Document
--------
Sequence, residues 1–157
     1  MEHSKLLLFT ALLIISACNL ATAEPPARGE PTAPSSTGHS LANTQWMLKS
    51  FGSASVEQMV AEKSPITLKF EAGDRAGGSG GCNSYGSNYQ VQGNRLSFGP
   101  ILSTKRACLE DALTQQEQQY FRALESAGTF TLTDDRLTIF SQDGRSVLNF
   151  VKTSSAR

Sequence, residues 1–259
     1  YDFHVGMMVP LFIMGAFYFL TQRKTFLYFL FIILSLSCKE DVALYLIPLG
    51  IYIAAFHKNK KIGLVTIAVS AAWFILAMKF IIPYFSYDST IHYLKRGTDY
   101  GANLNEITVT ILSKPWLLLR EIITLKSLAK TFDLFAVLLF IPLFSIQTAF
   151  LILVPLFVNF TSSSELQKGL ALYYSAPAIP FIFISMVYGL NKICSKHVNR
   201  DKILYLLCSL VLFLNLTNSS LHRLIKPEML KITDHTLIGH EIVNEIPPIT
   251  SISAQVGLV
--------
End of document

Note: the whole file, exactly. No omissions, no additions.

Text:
Sequence, residues 1–157
     1  MEHSKLLLFT ALLIISACNL ATAEPPARGE PTAPSSTGHS LANTQWMLKS
    51  FGSASVEQMV AEKSPITLKF EAGDRAGGSG GCNSYGSNYQ VQGNRLSFGP
   101  ILSTKRACLE DALTQQEQQY FRALESAGTF TLTDDRLTIF SQDGRSVLNF
   151  VKTSSAR

Sequence, residues 1–259
     1  YDFHVGMMVP LFIMGAFYFL TQRKTFLYFL FIILSLSCKE DVALYLIPLG
    51  IYIAAFHKNK KIGLVTIAVS AAWFILAMKF IIPYFSYDST IHYLKRGTDY
   101  GANLNEITVT ILSKPWLLLR EIITLKSLAK TFDLFAVLLF IPLFSIQTAF
   151  LILVPLFVNF TSSSELQKGL ALYYSAPAIP FIFISMVYGL NKICSKHVNR
   201  DKILYLLCSL VLFLNLTNSS LHRLIKPEML KITDHTLIGH EIVNEIPPIT
   251  SISAQVGLV